Employee search: How employee referrals help to hire for cultural fit
Finding the right employees is difficult – simply defining what is ‘suitable’ can be a challenge. What needs to be taken into account in the search for personnel? What role does the cultural fit play in this? We share our insights to help solve this challenge for the modern day recruiter.
The importance of cultural fit in recruiting
First, consider the “cultural fit” between the company and the applicant. If the candidate’s own values match the company’s values, chances are good that he or she will fit the company, the team and the corporate culture. If, on top of that, the professional qualifications are right, it’s a match!
Getting to know each other initially, in a different way
Hiring the wrong person can end up being very expensive. A CareerBuilder study estimates the costs of a wrong hire between $7000 – $10,000 depending on the industry and position. With that being said it is important to create opportunities to get to know each other and to communicate expectations clearly. This begins with the creation of the job advertisement.
Distinguish yourself from other companies by highlighting your corporate culture through your brand voice in the job ad. Give the advertisement a personal touch, with photos of the team or insights into the company.
According to LinkedIn’s Global Recruiting Trends, 66% of applicants want to get more company insights from employees before hiring. They use these insights as a basis for their decision to choose their future employer.
To meet this need, you can design video messages or give them the opportunity to talk to a team member informally in advance. This simple step reduces hurdles and builds trust with your future team member.
Alternatively, you can choose a different format to the classic job advertisement. For example, tell a story in which you present the job profile and your company. Instead of a letter of motivation, the applicant could write the appropriate ending to the story.
The more you reveal about your company, the sooner the candidate will know whether they fit the job and you will receive high-quality applications.
Use your network
Visualise in advance what your ideal candidate looks like. On closer inspection, you may discover the right candidate in your own companies ranks, or your employees may know someone from their personal network.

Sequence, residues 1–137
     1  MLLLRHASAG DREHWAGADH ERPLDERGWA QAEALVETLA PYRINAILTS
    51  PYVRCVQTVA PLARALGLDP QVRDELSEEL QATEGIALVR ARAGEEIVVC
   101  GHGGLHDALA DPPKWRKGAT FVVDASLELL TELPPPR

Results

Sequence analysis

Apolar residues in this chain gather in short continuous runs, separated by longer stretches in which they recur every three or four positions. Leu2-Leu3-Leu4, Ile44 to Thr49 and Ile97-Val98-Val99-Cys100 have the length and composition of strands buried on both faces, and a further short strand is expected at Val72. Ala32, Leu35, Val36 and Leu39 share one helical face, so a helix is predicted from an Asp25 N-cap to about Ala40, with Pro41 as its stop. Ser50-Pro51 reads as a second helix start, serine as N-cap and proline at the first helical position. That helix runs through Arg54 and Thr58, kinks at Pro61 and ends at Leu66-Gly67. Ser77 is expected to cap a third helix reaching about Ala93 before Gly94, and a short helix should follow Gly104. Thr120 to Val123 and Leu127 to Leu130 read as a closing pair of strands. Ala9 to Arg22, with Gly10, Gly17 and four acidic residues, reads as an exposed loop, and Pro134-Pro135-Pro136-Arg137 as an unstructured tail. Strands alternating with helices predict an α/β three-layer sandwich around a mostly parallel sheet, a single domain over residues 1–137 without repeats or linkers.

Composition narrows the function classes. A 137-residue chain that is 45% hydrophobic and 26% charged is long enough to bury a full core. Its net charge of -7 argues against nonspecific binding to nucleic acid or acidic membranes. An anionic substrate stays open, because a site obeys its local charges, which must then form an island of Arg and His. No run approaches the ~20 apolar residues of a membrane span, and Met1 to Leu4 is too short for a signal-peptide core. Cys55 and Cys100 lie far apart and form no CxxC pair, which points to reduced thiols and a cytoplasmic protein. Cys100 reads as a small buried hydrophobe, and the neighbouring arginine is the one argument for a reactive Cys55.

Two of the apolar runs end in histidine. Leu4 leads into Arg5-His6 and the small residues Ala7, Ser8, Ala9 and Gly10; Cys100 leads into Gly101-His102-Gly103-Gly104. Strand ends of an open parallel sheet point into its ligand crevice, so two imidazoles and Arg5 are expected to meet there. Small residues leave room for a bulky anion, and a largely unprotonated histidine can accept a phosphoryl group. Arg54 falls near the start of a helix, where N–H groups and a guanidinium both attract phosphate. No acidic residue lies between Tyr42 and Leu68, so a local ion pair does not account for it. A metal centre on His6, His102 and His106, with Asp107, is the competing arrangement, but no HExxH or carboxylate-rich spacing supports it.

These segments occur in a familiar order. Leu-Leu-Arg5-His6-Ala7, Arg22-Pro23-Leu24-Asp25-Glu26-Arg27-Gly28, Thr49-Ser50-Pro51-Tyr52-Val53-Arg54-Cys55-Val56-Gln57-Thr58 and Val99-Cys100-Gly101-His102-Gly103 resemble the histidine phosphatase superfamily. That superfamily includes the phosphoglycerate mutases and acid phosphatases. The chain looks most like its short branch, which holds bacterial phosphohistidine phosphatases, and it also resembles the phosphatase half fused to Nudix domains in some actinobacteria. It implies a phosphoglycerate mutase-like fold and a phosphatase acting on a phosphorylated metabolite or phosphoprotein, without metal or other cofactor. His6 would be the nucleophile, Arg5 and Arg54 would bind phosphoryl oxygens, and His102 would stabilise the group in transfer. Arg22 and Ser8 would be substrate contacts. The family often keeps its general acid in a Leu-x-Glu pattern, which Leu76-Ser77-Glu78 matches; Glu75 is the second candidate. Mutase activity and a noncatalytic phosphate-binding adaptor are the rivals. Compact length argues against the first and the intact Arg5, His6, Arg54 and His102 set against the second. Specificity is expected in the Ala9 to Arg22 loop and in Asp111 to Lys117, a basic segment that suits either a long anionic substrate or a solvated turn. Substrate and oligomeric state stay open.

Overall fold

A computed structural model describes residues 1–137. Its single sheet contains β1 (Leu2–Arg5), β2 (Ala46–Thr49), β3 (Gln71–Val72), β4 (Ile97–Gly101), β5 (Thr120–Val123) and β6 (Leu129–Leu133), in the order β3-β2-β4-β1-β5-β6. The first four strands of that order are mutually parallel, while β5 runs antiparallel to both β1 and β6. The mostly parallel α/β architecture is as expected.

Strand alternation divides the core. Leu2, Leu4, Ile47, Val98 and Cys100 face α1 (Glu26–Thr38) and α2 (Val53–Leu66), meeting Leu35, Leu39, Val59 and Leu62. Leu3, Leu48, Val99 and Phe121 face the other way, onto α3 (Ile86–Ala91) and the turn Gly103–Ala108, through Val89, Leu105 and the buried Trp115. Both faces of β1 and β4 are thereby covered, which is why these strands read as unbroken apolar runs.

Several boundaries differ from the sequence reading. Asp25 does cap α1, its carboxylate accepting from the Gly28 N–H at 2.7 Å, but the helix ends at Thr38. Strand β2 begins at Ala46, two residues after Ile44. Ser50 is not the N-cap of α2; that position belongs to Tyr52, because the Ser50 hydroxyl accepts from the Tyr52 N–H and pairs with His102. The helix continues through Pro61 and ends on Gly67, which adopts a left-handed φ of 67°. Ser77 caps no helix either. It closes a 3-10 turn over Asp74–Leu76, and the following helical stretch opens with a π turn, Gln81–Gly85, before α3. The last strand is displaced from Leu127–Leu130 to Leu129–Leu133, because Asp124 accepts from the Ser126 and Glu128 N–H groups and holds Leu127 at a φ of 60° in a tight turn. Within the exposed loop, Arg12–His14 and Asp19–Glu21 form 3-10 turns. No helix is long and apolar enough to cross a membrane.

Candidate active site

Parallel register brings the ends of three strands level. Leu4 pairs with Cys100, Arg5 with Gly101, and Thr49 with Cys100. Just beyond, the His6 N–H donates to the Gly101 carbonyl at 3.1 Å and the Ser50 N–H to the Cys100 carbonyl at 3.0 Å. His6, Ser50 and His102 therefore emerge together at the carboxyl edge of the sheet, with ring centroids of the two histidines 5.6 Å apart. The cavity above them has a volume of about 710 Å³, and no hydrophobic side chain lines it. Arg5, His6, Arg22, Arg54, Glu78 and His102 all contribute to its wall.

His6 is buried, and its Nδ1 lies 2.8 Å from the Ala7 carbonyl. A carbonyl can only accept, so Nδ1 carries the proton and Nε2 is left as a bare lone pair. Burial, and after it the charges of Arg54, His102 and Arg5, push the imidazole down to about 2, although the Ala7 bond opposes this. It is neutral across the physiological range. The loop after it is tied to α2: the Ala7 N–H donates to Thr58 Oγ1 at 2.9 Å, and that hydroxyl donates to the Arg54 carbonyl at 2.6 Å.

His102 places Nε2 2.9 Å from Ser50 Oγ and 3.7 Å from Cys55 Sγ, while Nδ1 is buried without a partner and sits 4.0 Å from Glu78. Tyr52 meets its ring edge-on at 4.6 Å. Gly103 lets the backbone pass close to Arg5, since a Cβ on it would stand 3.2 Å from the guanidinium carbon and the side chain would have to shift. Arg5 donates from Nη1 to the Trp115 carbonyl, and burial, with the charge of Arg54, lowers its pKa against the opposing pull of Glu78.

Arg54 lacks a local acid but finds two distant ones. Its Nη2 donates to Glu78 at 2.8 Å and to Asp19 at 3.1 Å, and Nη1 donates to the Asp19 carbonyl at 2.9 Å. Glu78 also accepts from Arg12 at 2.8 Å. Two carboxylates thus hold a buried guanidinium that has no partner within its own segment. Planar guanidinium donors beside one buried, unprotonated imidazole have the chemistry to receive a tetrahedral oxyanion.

Take advantage of these opportunities by mobilizing your internal resources, activating your own network or start an employee referral program.
Candidates that came through an employee referral program are proven to fit better into the company and stay longer. By chatting with an existing employee, the candidate learns first hand what makes the company tick.
Testing team dynamics
If possible, involve the team in the application process. Candidates that apply through an employee referral program already have this inherent in their application, but you can also extend it by involving the other members of your team.
The team knows best what requirements a candidate must meet and whether the chemistry is right. In this way, the candidate also gets a first impression and immediately recognizes whether he or she feels comfortable in this environment.
Ask the right questions
During an interview, do not focus exclusively on technical issues. Choose a mix, which allows you to get to know the candidate and his or her cultural attitude better. Questions could be, for example:
- What motivates you to come to work?
- What was the last good book you read?
- If you started your own business, what would it be?
- How could a manager best support you?
- What three things do you need to be successful in this position?
- What was the most valuable lesson in your career?
- What does a successful corporate culture look like to you?
- If you do not get this position, what will be your next career step?
- When was the last time you took a professional risk?
Originally from Brisbane, Australia, Majella completed her studies with a Bachelor of Business majoring in advertising from Queensland's University of Technology. After a few years of working in the gaming and entertainment industry in the APAC market, she moved to Vienna, Austria and joined the Firstbird team as a copywriter in 2016. She has never looked back, and now works across marketing, partnerships and sales in Firstbird’s international team.